Over 29,000 vote in Oceana’s Referendum
Close to thirty thousand registered electors voted on the issue of offshore drilling on Wednesday. By any stretch, it’s a huge turnout for a relatively short campaign that led to the mock referendum organized by the Coalition to Save our Natural Heritage. After fourteen hours of voting countrywide, the final results were tabulated by three o’clock this morning at the Oceana offices. News Five’s Isani Cayetano has the story from start to finish.
Isani Cayetano, Reporting
The constant hum of scrutineers as they carefully reconciled each ballot cast during the People’s Referendum on Wednesday was a call and response that continued into the early hours of this morning. A team of approximately twenty men and women, all volunteers who gave of their time willingly, huddled inside a makeshift counting station where they pored over each vote; a process easily described as redundant and lengthy.
Audrey Matura, Vice President, Oceana Belize
“In each box we have two counters and that counter has a tally and so we open the box for the first time with the lock so everybody could see and one person takes out the papers and when they take it out they show it to the person who is tallying and see that it’s a yes or a no and hands it to the other person who then keeps track of it.”
At 10:30 the supervisors were nowhere near the median for Belize District. The counting was uninterrupted and perpetual. What they were in search of were names which corresponded with specific constituencies in order to determine if there were multiple votes cast.
“In every area where they were voting we took down the names of the persons who voted and then we would cross tally and see if more than one time the persons name came up. We need to do that because obviously there was some mischief being [done], trying to occur and sadly the people who were trying to do the mischief obviously are from the present government or the U.D.P., outright the U.D.P., their operatives and it’s just a reflection of how low they think of the people and what they would do. The other form of reconciliation that we would be doing is we’ll be looking at each box, what’s the total, looking at the ballot papers that we had, that we printed. We know how many we printed, we know the serial number and we’ll be reconciling that to make sure that the amount of ballots that were in the boxes were the amount of what we finally got.”
And that conclusive figure was realized after several hours of calculation. The exercise, nonetheless, was not meant to sway voting on Election Day despite offshore drilling being a hot-button issue.
Tanya Williams, Coalition to Save Our Natural Heritage
“Our intention wasn’t trying to influence the election. Our intention is to ensure that the Belizean people have a voice on this particular issue; it’s a very critical issue. It affects our economy, our environment and our culture. So in terms of influencing the election and what the election will look like that’s not our position and never was our intentions.”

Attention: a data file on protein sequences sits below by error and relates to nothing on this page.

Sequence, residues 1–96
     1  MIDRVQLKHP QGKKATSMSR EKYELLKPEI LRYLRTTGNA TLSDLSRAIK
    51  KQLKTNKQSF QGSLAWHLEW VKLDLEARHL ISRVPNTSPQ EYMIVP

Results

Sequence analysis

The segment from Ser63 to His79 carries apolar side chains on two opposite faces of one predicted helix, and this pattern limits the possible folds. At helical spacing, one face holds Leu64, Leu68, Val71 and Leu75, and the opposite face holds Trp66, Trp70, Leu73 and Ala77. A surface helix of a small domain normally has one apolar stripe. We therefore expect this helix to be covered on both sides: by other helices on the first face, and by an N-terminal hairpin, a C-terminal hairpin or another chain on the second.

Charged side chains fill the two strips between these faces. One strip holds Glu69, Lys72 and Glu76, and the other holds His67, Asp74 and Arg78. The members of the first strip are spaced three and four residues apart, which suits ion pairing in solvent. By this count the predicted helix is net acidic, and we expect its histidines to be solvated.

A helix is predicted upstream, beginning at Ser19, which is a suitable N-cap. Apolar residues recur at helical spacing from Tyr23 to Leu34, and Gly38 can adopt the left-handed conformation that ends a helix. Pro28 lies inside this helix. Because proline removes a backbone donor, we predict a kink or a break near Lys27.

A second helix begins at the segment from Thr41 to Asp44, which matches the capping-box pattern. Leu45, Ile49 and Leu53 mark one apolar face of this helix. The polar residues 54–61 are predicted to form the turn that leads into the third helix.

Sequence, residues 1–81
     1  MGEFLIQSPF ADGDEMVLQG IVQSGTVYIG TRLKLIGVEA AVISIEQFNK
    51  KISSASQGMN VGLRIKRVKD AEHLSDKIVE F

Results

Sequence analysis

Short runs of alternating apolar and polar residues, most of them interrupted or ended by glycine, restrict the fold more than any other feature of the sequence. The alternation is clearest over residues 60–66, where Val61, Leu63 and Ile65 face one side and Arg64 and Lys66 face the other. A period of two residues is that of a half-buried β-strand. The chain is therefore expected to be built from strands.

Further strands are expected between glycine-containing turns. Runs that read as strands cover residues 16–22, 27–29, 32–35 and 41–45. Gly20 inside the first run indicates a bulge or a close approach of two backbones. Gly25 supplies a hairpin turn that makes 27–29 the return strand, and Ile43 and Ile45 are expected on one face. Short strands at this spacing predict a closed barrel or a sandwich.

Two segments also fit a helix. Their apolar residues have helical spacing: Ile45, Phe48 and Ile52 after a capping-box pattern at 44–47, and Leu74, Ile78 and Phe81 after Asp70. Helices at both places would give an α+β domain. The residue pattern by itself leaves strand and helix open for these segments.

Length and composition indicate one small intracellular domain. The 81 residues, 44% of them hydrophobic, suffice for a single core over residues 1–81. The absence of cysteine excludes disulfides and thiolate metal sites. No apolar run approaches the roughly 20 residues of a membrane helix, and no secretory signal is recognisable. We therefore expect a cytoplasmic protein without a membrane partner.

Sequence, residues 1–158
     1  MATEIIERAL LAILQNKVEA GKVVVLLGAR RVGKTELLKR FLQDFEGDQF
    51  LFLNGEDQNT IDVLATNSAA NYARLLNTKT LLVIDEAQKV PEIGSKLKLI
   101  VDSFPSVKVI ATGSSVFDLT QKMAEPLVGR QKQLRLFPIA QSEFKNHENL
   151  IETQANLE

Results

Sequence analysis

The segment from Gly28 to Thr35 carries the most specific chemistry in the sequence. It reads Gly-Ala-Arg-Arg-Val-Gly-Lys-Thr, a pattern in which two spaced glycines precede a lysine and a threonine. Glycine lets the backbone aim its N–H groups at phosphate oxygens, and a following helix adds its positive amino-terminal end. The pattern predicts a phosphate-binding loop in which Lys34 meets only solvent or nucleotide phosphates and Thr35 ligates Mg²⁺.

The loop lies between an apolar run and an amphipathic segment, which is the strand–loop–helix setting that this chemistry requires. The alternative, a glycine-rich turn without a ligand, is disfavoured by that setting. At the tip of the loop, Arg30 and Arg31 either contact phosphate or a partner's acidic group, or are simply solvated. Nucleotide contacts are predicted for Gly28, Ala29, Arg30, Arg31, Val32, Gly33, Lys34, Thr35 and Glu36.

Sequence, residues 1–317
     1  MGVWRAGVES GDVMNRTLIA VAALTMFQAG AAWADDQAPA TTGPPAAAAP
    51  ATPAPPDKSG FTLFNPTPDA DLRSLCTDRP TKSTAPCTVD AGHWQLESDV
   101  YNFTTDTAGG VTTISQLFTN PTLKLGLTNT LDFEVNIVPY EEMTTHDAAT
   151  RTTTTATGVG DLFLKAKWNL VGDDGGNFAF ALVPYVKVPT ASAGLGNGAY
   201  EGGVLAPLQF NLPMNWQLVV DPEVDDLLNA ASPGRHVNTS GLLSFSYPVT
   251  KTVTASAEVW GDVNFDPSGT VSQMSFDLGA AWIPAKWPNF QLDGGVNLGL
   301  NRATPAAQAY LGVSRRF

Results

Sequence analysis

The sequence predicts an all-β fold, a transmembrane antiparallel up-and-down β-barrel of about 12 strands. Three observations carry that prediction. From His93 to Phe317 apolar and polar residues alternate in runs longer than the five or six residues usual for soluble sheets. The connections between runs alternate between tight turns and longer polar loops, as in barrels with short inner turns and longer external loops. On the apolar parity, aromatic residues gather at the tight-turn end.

Back at the counting station the team diligently endured the examinations, casting aside a total of a hundred and forty-three votes as spoilt ballots.
“We had a hundred and forty three spoilt ballots and when we say spoilt like there are some instances where people voted one way and then maybe changed their minds and they scratched it but we had to consider it as spoiled. Some people put an x in the box and in the other one, they started a stroke; that was spoiled. Some people it was clear that they used both boxes and so it had to be spoiled.”
At dawn the final tally for those against offshore drilling stood at twenty-eight thousand, two hundred and eight, representing ninety-six percent of the total who participated in the unofficial referendum.
Yasmin Andrews, Pollster
“I could say that these results, I am ninety-five percent sure that they are correct; however, the good thing when we were tabulating last night up to three a.m., when we were tabulating this morning and we were getting the results we could see that the aggregate results of the, now remember now when we also asked if people wanted the opportunity to go and vote alright, so when they actually went and vote look at the consistency and the reliability and validity of these results of these polls. We said, again, ninety-four point three percent said no, eighty-nine percent equivalent said no and when they actually went to the polls and vote, look at the result ninety-six percent.”
The remaining four percent, a meager seven hundred and ninety-nine voters, were in favor of offshore drilling.
“There were some people who actually said yes to offshore drilling. They were in the minority but they were saying yes. So the reason we are having this referendum is not because we want everybody to come and say no, we want people to express their position on this particular issue.”
The next step for the Coalition to Save Our Natural Heritage is to bolster its argument against oil exploration in Belize’s maritime boundary having had more than the requisite ten percent of the electorate voicing its disapproval for any such activity. Reporting for News Five, I am Isani Cayetano.
Voting was steady all day on Wednesday; in the city over nine thousand participated and the Cayo District placed second in the number of voters that turned out.Email This Story